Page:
Publication is the heart and soul of scholarly research. This section highlights work that members of CENTROW at UWC Faculty of Law are publishing in area of labour law 4.0. Many the publications are in peer-reviewed journals or chapters in edited volumes; others are books, project reports or media articles. All reflect the breadth and depth of our social and intellectual engagement.
We share this growing collection of publication links, abstracts, excerpts and, where possible, full-text documents, for the benefit of scholars, researchers, jurists, practitioners, students, activists, policy-makers and -shapers, and the general public.
Academic journal articles
Blackett, Adelle (24 January 2021). 'Decolonising Labour Law: A Conversation with Professor Adelle Blackett'. Parsa, Selberg and Blackett
Professor Adelle Blackett asks ‘what happens when labour law is forced to see itself in historically rooted, relational, and contextualised terms’? While refusing continuity for its own sake, Blackett stresses the need for developing spaces in which alternative and counter-hegemonic narratives about the purpose of (labour) law are taken seriously – those emerging from labour law’s peripheries in colonised land, dispossessed and disenfranchised people in the global South and North. On 31 August 2020, Amin Parsa and Niklas Selberg from Lund University conversed virtually with Professor Blackett to discuss the trajectory of her research and teaching on decolonisation of labour law, as well as the Othering of labour law by even the most progressive factions of international legal scholarship. Professor Blackett also reflects on the significance of the #BLM movement, the role of legal academia in sealing out historical frames of oppression and exploitation, and our responsibility to cultivate a learning environment that enables students to engage with endemic anti-Black discrimination, racism and police brutality. Reflecting on her own entry to academia, Blackett once concluded that we all have ‘homework’ to do, including ‘the redemptive work of transforming the institutions we inhabit, including our universities and law faculties’. Parsa and Selberg conducted this interview in this spirit and as a step in this direction.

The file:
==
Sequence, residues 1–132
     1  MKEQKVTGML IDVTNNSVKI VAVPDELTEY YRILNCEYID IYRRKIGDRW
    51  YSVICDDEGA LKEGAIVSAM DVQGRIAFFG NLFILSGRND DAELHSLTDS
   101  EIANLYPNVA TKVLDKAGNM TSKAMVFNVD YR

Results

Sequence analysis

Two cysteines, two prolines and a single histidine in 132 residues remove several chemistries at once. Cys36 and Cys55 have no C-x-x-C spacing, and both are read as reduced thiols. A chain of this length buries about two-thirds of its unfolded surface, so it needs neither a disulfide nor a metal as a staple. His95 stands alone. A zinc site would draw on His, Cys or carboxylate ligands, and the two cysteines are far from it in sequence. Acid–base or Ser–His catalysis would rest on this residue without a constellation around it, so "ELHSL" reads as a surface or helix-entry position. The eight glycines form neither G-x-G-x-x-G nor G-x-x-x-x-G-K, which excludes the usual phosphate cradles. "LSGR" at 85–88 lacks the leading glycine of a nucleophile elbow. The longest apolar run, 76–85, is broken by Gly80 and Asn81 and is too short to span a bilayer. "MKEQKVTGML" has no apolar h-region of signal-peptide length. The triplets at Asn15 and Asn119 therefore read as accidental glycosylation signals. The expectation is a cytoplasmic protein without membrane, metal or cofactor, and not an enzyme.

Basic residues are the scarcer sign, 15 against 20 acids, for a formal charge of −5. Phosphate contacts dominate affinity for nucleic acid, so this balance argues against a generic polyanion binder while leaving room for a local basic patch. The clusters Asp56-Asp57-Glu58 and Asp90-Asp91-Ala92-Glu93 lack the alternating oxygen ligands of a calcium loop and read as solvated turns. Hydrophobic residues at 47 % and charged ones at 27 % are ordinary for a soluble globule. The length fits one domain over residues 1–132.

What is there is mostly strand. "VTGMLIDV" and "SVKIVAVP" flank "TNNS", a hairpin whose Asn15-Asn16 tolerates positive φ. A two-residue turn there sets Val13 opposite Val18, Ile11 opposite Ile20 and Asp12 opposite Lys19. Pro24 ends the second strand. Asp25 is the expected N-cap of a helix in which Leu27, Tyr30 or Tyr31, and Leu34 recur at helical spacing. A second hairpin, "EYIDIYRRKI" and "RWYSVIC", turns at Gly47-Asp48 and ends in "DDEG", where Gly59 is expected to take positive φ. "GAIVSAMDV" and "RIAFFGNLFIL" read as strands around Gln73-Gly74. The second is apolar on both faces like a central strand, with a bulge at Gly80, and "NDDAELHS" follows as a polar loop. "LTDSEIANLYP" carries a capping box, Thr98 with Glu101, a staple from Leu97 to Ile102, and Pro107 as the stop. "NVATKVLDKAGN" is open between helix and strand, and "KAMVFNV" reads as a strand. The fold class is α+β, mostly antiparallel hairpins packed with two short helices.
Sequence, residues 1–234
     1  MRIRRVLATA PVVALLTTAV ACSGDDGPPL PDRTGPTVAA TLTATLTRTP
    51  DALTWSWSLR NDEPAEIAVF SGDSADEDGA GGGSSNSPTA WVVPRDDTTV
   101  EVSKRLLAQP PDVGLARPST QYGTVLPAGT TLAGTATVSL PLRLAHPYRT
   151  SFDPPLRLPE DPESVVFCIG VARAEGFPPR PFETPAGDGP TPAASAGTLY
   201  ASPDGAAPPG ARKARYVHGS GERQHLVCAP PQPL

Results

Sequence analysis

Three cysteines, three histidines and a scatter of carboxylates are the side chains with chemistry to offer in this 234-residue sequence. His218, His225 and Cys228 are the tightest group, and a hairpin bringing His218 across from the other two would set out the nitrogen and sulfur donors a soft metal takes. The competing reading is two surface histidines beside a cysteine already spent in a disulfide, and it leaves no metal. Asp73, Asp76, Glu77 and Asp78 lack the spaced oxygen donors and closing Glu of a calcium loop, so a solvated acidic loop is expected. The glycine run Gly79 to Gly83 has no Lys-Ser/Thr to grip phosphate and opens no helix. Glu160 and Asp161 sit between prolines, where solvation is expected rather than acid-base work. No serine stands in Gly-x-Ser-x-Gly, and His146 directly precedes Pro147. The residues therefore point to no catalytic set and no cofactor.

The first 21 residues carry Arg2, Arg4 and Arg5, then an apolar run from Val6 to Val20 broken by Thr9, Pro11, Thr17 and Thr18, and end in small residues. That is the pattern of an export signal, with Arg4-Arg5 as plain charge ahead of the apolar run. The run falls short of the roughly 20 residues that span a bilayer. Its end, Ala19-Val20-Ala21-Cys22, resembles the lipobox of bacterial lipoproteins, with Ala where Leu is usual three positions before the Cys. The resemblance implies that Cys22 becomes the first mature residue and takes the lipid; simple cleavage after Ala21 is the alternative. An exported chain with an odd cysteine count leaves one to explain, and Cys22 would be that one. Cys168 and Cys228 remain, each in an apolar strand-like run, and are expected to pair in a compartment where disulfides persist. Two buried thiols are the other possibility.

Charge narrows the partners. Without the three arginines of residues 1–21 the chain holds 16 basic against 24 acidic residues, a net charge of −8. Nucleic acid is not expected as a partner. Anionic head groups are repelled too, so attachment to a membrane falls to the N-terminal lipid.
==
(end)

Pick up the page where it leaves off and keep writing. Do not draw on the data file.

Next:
Books and chapters
Du Toit, Darcy (2016). ‘Recognition of the right to strike (terms and conditions apply)’. In Roger Blanpain & Frank Hendrickx (eds) and Darcy du Toit (Guest editor) Labour Law and Social Progress: Holding the line or shifting boundaries? Bulletin of Comparative Labour Relations 92. Kluwer Law International
Labour Law and Social Progress: Holding the Line or Shifting the Boundaries? is a collection of incisive essays that focus on the emerging global paradigm shift in labour and employment relations. For forty years the international watchword has been deregulation of labour law and of social security. Now, however, the rise in unemployment and lack of employment security, the dizzying inequality gulf, and the environmental disasters and mass migrations caused by this deregulation are generating an impetus that defines social justice no longer merely in terms of the equitable distribution of resources but also? and often primarily? in terms of the just recognition of persons. This book recognizes that the growing interdependence among people demands that labour rights are understood as an aspect of human rights, and thus envisaged at international level. This volume of BCLR is based on a selection of papers presented at the 21st World Congress of the International Society for Labour and Social Security Law in Cape Town in 2015.